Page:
Last year was full of instances where the courts stopped UCC proceedings, but the tide has certainly been turning since last fall, when moratoriums started to fall and market activity gradually began to pick up.
In July 2020, a New York court blocked a mezzanine lender’s UCC foreclosure sale on The Mark Hotel on the Upper East Side in D2 Mark LLC v. OREI VI Invests. The judge in that case granted injunctive relief to the plaintiff, after concluding that a UCC sale was not commercially reasonable for a variety of reasons related to market dislocations, and also because the lender hadn’t allotted enough time to properly market and expose the equity interest — 36 days.
“If we show we widely [marketed something] and made it reasonable, lender liability disappears,” Corbin said. “Borrowers were able to claim COVID hardship for a while. Judges would give them the benefit of the doubt. Turmoil in the market meant it was hard to establish a price, and also, people couldn’t visit the property.”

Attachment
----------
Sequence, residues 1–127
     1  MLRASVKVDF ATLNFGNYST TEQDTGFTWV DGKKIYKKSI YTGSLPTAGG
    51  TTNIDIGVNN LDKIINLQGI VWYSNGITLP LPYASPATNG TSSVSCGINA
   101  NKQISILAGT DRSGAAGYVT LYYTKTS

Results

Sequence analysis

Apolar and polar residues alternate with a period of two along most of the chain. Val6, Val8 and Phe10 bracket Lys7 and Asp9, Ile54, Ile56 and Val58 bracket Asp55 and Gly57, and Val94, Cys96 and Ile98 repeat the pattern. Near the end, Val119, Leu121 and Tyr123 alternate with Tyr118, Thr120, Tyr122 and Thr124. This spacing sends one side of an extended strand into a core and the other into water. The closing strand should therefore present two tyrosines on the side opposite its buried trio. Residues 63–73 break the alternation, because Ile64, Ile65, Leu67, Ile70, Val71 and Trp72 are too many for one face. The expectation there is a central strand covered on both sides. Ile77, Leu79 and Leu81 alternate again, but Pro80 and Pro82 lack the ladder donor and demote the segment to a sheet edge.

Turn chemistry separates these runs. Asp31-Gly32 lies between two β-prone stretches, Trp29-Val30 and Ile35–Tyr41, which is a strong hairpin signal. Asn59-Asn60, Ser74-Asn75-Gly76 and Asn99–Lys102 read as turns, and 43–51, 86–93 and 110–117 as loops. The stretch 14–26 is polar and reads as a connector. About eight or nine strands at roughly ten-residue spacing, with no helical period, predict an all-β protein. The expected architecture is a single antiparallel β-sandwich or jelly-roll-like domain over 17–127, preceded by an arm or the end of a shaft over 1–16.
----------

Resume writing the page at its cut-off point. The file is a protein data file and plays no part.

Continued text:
And in some cases, borrowers have waited until just hours before an auction was to take place to file for Chapter 11 protection.
“I have recently filed high-profile bankruptcy cases due to UCC sales, which normally would have used a state-level legal strategy,” said FIA Capital Partners Principal David Goldwasser. “The dollars at stake were too high and the sponsors felt strongly about their equity positions, so they chose to file Chapter 11 bankruptcies in order to work through the issues and not just try to extend the inevitable. At the end of the day, state court challenges will only delay the process and not extinguish it.”